Brooklyn Botanic Garden celebrates Japan’s cherry blossom festival
People from all over the tristate area filled Brooklyn’s Botanic Garden to celebrate the first day of Sakura Matsuri, the traditional Japanese cherry blossom festival, now in its 35th year. Many visitors sported kimonos, cosplay-themed outfits and steampunk-inspired costumes as they strolled along the Cherry Walk, a meandering path lined by one of the largest collections of prunus Kanzan, or Japanese cherry cultivars, found outside Japan itself.
Kids riding their parents’ shoulders grabbed at low hanging blossoms while teens and 20-somethings sported hair in shades of pink that matched the delicate pale blooms.
“This is what springtime is,” said one young woman arrayed in bright purple and black who gave her cosplay name, “Caitlyn.” Actress and award-winning costume designer Aleta Pardalis strode beneath the cherry blossoms wearing a stunning purple “Steampunk Maleficent” costume complete with great horns and a working mechanical parrot in cage.
A stage set at one end of the Cherry Esplanade featured sets of Kabuki Buyo dances. Renowned choreographer Sachiyo Ito and her company, Dancejapan, commanded the stage with traditional styles such as Higasa Odori, or parasol dance, and Okame, mask dancing. Dr Ruth Abrahams, executive director of Gomez Foundation for Mill House, introduced each variation with a brief comment on its significance.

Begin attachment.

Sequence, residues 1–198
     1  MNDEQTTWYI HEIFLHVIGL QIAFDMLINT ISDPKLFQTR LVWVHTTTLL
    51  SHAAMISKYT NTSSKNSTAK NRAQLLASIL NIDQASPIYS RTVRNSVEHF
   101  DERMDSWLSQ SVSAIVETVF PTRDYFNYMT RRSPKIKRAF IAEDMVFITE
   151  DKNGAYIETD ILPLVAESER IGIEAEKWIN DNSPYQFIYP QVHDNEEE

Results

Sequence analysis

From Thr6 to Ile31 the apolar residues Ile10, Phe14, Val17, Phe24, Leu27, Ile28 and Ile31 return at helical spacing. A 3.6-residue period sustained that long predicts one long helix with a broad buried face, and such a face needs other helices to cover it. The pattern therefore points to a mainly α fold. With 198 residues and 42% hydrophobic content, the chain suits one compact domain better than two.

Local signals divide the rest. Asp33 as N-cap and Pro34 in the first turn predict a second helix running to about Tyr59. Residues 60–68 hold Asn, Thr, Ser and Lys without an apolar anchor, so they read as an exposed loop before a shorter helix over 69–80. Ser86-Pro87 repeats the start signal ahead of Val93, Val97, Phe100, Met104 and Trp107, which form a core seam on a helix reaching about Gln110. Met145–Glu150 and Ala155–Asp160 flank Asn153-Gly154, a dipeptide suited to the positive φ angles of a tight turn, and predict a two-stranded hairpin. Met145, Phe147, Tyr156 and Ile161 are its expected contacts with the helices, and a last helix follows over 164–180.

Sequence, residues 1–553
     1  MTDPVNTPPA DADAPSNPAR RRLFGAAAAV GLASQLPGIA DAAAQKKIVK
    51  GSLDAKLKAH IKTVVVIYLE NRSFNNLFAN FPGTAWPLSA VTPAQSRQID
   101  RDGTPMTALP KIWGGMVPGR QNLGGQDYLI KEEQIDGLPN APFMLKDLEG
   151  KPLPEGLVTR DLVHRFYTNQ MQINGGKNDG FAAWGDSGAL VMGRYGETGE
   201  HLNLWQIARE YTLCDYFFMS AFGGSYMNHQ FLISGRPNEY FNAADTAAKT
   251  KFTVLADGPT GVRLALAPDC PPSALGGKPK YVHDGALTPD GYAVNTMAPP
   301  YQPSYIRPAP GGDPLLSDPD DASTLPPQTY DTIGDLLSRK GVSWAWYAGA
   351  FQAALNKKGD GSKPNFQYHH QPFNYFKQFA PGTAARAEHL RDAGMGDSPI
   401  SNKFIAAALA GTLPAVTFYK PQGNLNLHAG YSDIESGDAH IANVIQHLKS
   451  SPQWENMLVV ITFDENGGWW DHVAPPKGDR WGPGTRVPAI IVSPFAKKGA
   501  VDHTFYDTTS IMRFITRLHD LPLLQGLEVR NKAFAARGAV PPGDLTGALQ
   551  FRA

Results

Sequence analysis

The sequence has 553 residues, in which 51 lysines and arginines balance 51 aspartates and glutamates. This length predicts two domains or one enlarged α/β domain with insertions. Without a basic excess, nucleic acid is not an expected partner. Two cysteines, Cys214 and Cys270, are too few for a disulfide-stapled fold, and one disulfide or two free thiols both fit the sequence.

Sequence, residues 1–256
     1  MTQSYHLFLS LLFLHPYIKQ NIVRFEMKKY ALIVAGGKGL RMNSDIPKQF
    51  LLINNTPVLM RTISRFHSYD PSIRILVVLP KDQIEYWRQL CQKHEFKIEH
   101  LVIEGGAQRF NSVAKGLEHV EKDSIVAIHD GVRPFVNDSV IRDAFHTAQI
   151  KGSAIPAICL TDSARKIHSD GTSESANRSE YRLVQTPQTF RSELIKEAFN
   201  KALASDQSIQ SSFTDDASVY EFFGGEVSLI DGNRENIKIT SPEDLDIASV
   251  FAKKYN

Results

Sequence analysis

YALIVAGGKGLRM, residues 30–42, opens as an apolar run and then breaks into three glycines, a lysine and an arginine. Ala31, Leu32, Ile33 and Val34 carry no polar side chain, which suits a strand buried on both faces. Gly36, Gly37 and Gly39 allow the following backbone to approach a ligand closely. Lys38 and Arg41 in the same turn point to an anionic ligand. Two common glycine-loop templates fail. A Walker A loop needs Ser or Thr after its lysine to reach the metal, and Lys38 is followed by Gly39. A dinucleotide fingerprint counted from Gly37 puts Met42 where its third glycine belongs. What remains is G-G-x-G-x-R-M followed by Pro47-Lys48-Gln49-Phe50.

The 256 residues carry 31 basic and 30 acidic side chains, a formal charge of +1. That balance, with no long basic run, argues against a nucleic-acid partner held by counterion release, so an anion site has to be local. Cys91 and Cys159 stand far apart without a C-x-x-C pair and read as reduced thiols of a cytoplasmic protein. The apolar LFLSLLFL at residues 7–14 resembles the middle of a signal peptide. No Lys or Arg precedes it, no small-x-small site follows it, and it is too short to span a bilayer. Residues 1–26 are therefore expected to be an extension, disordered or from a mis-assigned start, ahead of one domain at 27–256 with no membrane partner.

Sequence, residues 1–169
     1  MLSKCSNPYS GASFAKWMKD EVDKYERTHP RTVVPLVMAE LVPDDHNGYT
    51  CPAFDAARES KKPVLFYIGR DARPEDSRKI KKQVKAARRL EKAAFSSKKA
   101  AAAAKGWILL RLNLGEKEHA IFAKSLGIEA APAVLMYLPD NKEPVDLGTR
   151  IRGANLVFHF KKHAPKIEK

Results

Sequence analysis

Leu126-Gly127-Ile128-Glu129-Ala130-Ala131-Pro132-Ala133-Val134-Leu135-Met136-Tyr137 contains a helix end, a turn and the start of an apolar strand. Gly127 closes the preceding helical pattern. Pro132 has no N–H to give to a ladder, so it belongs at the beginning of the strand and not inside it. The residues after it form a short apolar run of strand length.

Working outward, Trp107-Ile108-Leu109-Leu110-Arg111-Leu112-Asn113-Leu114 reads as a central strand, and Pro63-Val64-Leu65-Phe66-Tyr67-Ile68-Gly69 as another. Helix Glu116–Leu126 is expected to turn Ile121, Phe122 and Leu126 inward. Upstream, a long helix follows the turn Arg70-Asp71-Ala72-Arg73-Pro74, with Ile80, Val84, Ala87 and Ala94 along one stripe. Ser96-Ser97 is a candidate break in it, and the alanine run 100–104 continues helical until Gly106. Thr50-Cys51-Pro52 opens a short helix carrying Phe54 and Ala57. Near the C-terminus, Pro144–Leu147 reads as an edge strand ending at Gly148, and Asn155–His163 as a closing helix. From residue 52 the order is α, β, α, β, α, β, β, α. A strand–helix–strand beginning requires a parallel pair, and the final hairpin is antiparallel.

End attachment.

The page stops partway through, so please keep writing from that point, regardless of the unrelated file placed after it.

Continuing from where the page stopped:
After the dancers took their bow, actress and martial artist Saori Goda of Samurai Sword Soul led the audience in a Japanese-language song, working the crowd through pronunciation of each unfamiliar word, after which the Samurai Sword Soul ensemble demonstrated swordsmanship performing a lengthy and often humorous melodrama that featured mandatory characters such as the young lovers, scowling villain, inept hero and gaggle of black-masked ninjas.
Elsewhere in the park, children studied manga drawing, bamboo insect hotel crafting and methods of origami with folding master Jeremy Aaron Horland. Visitors lined C.V. Starr’s Bonsai Museum, studying examples of miniature trees from every part of the world, and even experiencing scents like those which cause some plants to attract ants or the spicy fragrance of summersweet.
Sakura Matsuri is the Brooklyn Botanic Garden’s busiest, best-attended event. While park officials don’t provide precise attendance figures, the garden’s Andy Cushman estimated attendance in the tens of thousands. This year also marked the centennial of the garden’s Japanese Hill-and-Pond Garden, with visitors lining up for tours of the Torii Gate and nishikigoi, or brocaded carp, pond.
The cherry blossom festival traditionally marks the close of hanami, a Japanese tradition of appreciating the transient beauty of flowers said to date from the eighth-century Nara period, when Japan’s capital city was temporarily located in the city of Nara and the country’s was culture strongly influenced by China.
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